37 They were stoned; they were sawed in two; they were put to death by the sword.  They went about in sheepskins and goatskins, destitute, persecuted and mistreated --
38 the world was not worthy of them.  They wandered in deserts and mountains, and in caves and holes in the ground.
39 These were all commended for their faith, yet none of them received what had been promised.
40 God had planned something better for us so that only together with us would they be made perfect.


1 Therefore, since we are surrounded by such a great cloud of witnesses, let us throw off everything that hinders and the sin that so easily entangles, and let us run with perseverance the race marked out for us.
2 Let us fix our eyes on Jesus [Yashua, the Messiah, the Christ, the King, Yahweh], the author and perfecter of our faith, who for the joy set before him endured the cross, scorning its shame, and sat down at the right hand of the throne of God.
3 Consider him who endured such opposition from sinful men, so that you will not grow weary and lose heart.
4 In your struggle against sin, you have not yet resisted to the point of shedding your blood.
5 And you have forgotten that word of encouragement that addresses you as sons: "My son, do not make light of the Lord's discipline, and do not lose heart when he rebukes you,
6 because the Lord disciplines those he loves, and he punishes everyone he accepts as a son."
7 Endure hardship as discipline; God is treating you as sons. For what son is not disciplined by his father?
8 If you are not disciplined (and everyone undergoes discipline), then you are illegitimate children and not true sons.
9 Moreover, we have all had human fathers who disciplined us and we respected them for it.  How much more should we submit to the Father of our spirits and live!
10 Our fathers disciplined us for a little while as they thought best; but God disciplines us for our good, that we may share in his holiness.
11 No discipline seems pleasant at the time, but painful.  Later on, however, it produces a harvest of righteousness and peace for those who have been trained by it.
12 Therefore, strengthen your feeble arms and weak knees.

18 You have not come to a mountain that can be touched and that is burning with fire; to darkness, gloom and storm;
19 to a trumpet blast or to such a voice speaking words that those who heard it begged that no further word be spoken to them,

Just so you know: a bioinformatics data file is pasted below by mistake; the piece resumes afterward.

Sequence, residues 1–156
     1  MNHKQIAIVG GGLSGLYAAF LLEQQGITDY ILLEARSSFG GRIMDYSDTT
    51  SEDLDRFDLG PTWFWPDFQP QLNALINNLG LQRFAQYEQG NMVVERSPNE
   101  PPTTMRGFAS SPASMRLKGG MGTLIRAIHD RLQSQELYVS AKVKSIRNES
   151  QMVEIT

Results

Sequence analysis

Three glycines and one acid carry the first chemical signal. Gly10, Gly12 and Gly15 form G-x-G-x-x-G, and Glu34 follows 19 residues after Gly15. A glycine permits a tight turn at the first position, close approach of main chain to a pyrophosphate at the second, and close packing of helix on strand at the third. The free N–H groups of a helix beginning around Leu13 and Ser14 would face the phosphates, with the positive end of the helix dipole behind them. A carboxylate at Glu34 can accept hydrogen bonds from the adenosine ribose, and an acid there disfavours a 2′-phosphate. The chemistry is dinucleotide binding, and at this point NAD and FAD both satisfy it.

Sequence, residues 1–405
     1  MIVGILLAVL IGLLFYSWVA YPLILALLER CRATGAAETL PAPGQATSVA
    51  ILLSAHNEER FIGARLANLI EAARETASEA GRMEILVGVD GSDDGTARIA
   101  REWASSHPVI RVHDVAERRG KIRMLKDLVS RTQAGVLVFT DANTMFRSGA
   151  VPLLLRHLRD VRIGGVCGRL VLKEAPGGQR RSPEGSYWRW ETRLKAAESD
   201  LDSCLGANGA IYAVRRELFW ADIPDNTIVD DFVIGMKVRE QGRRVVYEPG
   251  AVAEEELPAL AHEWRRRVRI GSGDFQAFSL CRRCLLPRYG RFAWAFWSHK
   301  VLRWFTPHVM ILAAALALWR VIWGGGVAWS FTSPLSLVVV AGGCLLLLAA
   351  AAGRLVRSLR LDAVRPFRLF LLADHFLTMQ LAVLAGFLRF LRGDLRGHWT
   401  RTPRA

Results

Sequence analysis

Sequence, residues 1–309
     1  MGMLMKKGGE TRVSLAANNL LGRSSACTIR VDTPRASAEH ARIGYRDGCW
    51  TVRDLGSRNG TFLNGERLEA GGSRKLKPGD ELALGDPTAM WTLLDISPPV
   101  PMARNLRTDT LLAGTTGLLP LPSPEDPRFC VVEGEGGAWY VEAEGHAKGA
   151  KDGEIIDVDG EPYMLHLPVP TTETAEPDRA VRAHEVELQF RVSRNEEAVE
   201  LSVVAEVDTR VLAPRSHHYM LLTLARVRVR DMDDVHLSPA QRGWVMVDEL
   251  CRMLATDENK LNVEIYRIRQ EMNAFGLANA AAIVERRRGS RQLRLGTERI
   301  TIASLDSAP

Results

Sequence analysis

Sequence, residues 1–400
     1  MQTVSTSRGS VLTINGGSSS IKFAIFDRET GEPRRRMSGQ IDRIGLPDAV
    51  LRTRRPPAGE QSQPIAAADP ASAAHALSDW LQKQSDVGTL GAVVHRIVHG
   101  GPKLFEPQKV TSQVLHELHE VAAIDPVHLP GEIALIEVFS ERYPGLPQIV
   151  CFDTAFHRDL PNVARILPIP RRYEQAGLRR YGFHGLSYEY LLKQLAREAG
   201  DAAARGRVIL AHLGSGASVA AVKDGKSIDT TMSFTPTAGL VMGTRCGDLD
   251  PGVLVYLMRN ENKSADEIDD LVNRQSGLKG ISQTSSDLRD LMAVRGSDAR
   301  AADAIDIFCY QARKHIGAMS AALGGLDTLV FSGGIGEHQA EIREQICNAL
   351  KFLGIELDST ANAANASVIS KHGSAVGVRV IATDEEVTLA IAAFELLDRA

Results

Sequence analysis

20 because they could not bear what was commanded:  "If even an animal touches the mountain, it must be stoned."
21 The sight was so terrifying that Moses said, "I am trembling with fear."
22 But you have come to Mount Zion, to the heavenly Jerusalem, the city of the living God. You have come to thousands upon thousands of angels in joyful assembly,
23 to the church of the firstborn, whose names are written in heaven.  You have come to God, the judge of all men, to the spirits of righteous men made perfect,
24 to Jesus the mediator of a new covenant, and to the sprinkled blood that speaks a better word than the blood of Abel.

28 Therefore, since we are receiving a kingdom that cannot be shaken, let us be thankful, and so worship God acceptably with reverence and awe,
29 for our "God is a consuming fire."

These stories of the heroes of our history are milestones in the faith of the family of God.  The promises of better things to come are milestones in our personal journey.

And let’s remember, as we go from one Pentecost to the next, to count off the days and years of our sojourning, and remember the things that we need to do, as we cultivate the anticipation of the joy that will come in the Day of Yahweh.

As the leavened loaves were raised up to God in ancient Israel on the Feast of Weeks, so let us count the days until we are raised up in the air to meet the triumphant King, the returning Lord and Savior.

For in Yahweh’s kingdom, at the right hand of El, He will fill us with joy in His presence, with eternal pleasures at His right hand.